28 March 2015

Trawsfynydd

Regulators say there are “no longer hazards” at a nuclear power plant requiring an emergency buffer zone as the site’s decommissioning continues. The Office for Nuclear Regulation (ONR) said a radiation emergency was “no longer reasonably foreseeable” at the Trawsfynydd plant, Gwynedd. It has now lifted a near one-mile emergency planning area around the site in the event of an incident. Decommissioning began in 1995, two years after it ceased operating. An ONR report said owner Magnox were due to begin a long term care and maintenance programme from 2016.

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Posted: 28 March 2015

27 March 2015

Sellafield

27th March 2015 marks the 21st anniversary of THORP chopping up its first batch of spent nuclear fuel. Opened in 1994, the £2.85bn plant had been dubbed by British Nuclear Fuels Ltd (BNFL) as the Jewel in Sellafields’s Crown and a World Beating Flagship Plant that would reprocess 7000 tonnes of fuel in its first ten years, win more overseas business and make a profit of £500M in that first decade . Now scheduled to close in 2018, the Jewel has been tarnished beyond recovery by a catalogue of accidents, poor performance and business loss. This briefing by Cumbrians Opposed to a Radioactive Environment looks at what THORP has achieved.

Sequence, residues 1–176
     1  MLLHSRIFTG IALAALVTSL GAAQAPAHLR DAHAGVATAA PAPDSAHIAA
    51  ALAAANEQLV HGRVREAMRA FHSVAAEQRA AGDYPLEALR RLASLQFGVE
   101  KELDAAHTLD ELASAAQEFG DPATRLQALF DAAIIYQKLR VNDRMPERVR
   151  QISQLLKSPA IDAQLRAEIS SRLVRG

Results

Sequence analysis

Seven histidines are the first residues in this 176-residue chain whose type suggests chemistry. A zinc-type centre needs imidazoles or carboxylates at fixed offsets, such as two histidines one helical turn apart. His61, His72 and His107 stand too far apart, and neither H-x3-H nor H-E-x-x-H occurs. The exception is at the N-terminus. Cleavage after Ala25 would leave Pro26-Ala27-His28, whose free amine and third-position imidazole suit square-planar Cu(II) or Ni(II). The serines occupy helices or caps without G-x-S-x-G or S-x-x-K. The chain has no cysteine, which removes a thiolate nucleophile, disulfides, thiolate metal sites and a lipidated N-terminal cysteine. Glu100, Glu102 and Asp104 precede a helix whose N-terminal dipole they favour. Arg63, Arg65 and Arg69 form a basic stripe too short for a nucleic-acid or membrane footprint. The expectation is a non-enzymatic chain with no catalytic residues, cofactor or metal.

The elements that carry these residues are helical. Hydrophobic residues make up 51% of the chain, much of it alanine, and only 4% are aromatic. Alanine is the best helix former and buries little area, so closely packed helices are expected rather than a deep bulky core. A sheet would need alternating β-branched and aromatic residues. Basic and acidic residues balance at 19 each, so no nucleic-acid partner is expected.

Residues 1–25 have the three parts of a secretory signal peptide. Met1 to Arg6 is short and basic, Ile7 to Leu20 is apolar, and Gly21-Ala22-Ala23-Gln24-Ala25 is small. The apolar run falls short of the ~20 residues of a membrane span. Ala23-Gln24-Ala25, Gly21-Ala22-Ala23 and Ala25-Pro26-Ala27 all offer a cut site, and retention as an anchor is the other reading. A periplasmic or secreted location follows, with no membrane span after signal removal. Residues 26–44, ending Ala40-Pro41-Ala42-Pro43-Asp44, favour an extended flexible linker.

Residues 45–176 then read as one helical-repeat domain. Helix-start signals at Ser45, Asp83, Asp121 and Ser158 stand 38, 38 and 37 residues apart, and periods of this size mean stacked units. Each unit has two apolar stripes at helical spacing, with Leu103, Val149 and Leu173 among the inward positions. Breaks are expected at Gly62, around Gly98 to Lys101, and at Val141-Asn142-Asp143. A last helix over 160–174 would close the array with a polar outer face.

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Posted: 27 March 2015

THORP – 21 Today – but no key to waste crisis

27th March 2015 marks the 21st anniversary of THORP chopping up its first batch of spent nuclear fuel. Opened in 1994, the £2.85bn plant had been dubbed by British Nuclear Fuels Ltd (BNFL) as the Jewel in Sellafield’s Crown and a World Beating Flagship Plant that would reprocess 7000 tonnes of fuel in its first ten years, win more overseas business and make a profit of £500M in that first decade. Now scheduled to close in 2018, the Jewel has been tarnished beyond recovery by a catalogue of accidents, poor performance and business loss.  This briefing by Cumbrians Opposed to a Radioactive Environment looks at what THORP has achieved.

Briefing+THORP+21

 

Posted: 26 March 2015

26 March 2015

Radwaste